Magnesium Phos 6X - Normally I don’t recommend homeopathic supplements (if they work for some people I’m glad they do, I rather recommend nutriceuticals), but for homeopathic minerals I feel they still can be beneficial because some of the trace mineral should still be left in the product. I would suggest using this remedy in a person who is extremely sensitive to all forms of magnesium supplementation. If magnesium glycinate still causes loose stools and magnesium chloride causes allergic reactions on the skin then this is the magnesium for you to try. This magnesium contains some phosphorus so I would suggest if you have kidney problems to stay away from this form. Taken before bed.
Garbage forms of Magnesium:
Most of these forms of magnesium I consider are garbage because they either do damage in the body or are very poorly absorbed.
Magnesium Yeast Chelate - A “natural” form of magnesium that is very easily assimilated by the body, what sounds so wrong about that? This form of magnesium is found in most of your “natural” vitamins like New Chapter, Garden of Life, and Megafood. The main problem I have with this form of magnesium is that you have to ingest a lot of brewers yeast (which some people are sensitive to) in the whole supplement to get a tiny amount of magnesium. Most vitamins that use this form of magnesium have very little magnesium actually in the vitamin (less than 100 mg elemental). There are just a lot better options out there. Taken with food.
Magnesium Aspartate - Absorption isn't worth extra Aspartic Acid. Too much Aspartic Acid is neurotoxic. Can you say ASPARTAME? Taken at bedtime. This includes magnesium ZMA supplements.
Magnesium Pidolate (Magnesium 5-Oxo Proline) - Absorption is DEFINITELY not worth the extra free glutamic acid. Too much free glutamic acid can be excitotoxic and neurotoxic. Can you say MSG? Taken with meals.
Magnesium Hydroxide - Not greatly absorbed and most magnesium is released into the bowels. Most commercial preparations (Milk of Magnesium) have sodium hypochlorite added (bleach). Taken at Bedtime.
Magnesium Oxide - VERY POORLY ABSORBED - Out of 400 mg only AT MOST 80 mg of elemental magnesium is absorbed by the body. One of the worst absorbed forms of magnesium, and sadly the most common supplement form taken the most. Taken at Bedtime.
Magnesium Glycerophosphate - This magnesium is chelated with phosphorus. The problem with this magnesium is that most people get too much phosphate in their diet. People with kidney problems should also definitely stay away from this supplement because it is harder for them to eliminate excess phosphates. Taken at bedtime.
Magnesium Lactate - Extra Lactic Acid is FUN! Shouldn’t definitely not be used for people who have kidney disease because the extra lactic acid can cause more complications for the kidneys. I don’t generally recommend this form at all. Taken during meals.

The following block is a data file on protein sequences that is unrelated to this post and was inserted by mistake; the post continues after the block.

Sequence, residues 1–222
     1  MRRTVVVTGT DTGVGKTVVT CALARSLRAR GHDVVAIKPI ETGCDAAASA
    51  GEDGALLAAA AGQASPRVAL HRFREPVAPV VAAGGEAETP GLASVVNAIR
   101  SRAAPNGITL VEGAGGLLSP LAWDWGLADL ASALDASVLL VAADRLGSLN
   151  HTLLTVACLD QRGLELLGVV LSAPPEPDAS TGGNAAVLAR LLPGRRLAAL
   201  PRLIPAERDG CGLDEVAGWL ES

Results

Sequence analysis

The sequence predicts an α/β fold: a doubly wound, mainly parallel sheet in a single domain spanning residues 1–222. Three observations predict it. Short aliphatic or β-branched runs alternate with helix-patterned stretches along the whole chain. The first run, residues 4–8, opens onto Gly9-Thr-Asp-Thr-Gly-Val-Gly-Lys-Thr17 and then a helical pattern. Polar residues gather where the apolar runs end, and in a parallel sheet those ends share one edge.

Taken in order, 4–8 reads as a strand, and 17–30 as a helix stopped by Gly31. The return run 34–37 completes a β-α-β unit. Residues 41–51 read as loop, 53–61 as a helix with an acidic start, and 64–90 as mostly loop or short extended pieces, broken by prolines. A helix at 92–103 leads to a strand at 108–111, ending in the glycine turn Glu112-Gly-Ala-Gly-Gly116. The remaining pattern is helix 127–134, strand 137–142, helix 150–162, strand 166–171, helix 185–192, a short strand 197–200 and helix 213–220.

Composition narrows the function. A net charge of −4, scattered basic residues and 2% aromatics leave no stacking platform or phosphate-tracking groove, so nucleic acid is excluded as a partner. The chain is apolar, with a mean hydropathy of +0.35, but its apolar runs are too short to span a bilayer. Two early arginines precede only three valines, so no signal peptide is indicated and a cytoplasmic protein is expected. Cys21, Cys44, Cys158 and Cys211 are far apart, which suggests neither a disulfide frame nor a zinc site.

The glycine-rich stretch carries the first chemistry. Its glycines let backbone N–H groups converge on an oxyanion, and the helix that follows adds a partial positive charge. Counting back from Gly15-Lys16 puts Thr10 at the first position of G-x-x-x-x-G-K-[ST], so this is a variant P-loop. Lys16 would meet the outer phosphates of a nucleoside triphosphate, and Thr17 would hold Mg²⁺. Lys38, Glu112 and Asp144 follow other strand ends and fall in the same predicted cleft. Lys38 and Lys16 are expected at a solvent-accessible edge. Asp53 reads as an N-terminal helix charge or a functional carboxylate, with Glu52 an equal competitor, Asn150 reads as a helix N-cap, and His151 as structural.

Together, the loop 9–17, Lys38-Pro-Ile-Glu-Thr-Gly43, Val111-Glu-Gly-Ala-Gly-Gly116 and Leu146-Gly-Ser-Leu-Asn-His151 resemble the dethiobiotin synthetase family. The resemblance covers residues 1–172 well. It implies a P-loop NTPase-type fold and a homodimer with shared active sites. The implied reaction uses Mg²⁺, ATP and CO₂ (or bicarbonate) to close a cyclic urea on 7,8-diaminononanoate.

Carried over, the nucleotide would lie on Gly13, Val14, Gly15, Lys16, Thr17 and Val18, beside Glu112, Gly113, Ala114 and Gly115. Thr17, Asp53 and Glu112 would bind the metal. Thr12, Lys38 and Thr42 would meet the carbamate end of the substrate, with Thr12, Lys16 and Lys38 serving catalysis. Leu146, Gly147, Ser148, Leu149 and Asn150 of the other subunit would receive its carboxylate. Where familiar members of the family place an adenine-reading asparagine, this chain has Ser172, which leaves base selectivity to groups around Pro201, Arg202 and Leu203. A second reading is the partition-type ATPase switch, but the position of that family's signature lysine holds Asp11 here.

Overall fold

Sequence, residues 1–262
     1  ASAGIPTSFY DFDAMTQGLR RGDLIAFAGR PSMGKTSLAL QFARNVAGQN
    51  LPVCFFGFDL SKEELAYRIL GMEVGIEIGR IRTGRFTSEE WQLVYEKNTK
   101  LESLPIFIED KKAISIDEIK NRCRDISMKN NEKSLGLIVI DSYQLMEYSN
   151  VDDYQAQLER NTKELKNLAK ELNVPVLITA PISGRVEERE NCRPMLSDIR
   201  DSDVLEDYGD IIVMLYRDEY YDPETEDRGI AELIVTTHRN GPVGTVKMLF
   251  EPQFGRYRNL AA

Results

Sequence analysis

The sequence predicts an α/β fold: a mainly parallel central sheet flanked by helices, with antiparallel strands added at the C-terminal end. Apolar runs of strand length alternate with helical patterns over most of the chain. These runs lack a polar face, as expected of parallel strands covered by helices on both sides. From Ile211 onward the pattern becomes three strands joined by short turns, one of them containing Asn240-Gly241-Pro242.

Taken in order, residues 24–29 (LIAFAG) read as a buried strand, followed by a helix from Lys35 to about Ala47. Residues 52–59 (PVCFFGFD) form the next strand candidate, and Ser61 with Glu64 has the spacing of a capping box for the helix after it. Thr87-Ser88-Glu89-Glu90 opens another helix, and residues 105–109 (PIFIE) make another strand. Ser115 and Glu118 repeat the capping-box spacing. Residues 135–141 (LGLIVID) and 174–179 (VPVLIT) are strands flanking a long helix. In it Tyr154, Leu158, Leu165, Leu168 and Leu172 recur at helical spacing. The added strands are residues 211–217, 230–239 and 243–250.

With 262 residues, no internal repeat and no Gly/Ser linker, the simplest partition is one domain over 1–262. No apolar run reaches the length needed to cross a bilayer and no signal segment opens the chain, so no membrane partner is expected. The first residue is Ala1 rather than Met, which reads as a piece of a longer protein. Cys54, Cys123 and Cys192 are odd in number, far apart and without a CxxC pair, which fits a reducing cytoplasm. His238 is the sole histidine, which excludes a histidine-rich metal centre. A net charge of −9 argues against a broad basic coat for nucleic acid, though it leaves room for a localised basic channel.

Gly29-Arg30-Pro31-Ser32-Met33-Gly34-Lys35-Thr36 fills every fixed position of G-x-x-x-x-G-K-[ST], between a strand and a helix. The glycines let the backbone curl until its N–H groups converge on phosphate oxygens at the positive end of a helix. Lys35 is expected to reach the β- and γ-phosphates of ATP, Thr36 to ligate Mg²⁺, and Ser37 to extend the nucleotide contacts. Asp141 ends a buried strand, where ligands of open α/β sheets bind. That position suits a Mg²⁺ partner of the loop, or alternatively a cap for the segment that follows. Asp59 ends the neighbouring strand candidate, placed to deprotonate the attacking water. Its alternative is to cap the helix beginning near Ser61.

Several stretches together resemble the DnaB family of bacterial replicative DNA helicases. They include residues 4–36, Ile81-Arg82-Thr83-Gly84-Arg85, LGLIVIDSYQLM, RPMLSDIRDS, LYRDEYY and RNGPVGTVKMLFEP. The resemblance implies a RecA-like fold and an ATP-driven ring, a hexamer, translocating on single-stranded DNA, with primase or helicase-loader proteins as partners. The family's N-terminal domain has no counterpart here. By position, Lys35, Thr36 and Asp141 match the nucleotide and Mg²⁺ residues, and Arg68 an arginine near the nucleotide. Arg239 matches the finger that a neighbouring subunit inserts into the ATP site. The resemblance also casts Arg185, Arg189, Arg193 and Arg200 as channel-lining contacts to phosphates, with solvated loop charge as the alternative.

Brands of Magnesium I Recommend
Best Glycinate: Pure Encapsulations Magnesium Glycinate / Other Recommendations: Designs for Health Magnesium Glycinate, Douglas Labs Magnesium Glycinate, Doctor's Best Magnesium Glycinate
Best Malate: Jigsaw Magnesium Malate / Other Recommendations: Now Magnesium Malate, Jarrow Formulas Magnesium Optimizer Malate, Source Naturals Magnesium Malate
Best Citrate: Natural Calm / Other Recommendations: Pure Encapsulations Magnesium Citrate, Now Magnesium Citrate, Source Naturals Magnesium Citrate
Best Chloride: Trace Minerals Research Ionic Magnesium
Best Peroxide: New Earth Oxy-C Magnesium Peroxide
Best Ascorbate: Now Magnesium Ascorbate Powder
Best Orotate: Advanced Reasearch Magnesium Orotate
Best Taurate: Cardiovascular Research Magnesium Taurate
Best Dermal Magnesium: Designs for Health MagneGel
Best Magnesium Sulfate: Epsoak Empsom Salt, Kirkman Magnesium Sulfate Cream
Best 2AEP: Advanced Research 2AEP Magnesium
Best Arginate: Advanced Research Magnesium Arginate with Aspartate (It's the only one I can find, but it does have aspartate in it, use sparingly)
Best Lysinate: Doctor's Best High Absorption Magnesium
Best Magnesium L-Threonate: Life Extension Magnesium L-Threonate / Other Recommendations: Jarrow Formulas MagMind
Best Magnesium "Blend": Solaray Vegan Magnesium / Other Recommendations: Source Naturals Ultra Mag
Best Magnesium for Athletes: ZMK Supplement
Dean, Carolyn. The Magnesium Miracle, Ballantine Books, December 26, 2006.
Seelig, Mildred / Rosanoff, Andrea. The Magnesium Factor, Avery Trade,
August 25, 2003.
Sircus, Mark / Reid, Daniel. Transdermal Magnesium Therapy, Phaelos
Books & Mediawerks, January 1, 2007.
Last edited by Ron_Swanson; 08-07-2013 at 08:59 PM.
Thank you for the info. I'm still reading got to here:
"The extra Glycine also as an amino acid helps relax nerves and muscles, and helps relieve anxiety."
So would you recommend this amino? Any particular or specific cases you'd recommend it for?
Yes, but be aware too much glycine can cause anxiety for some people. This is why it's best to take the magnesium glycinate so that you get the best of both worlds without getting too much glycine.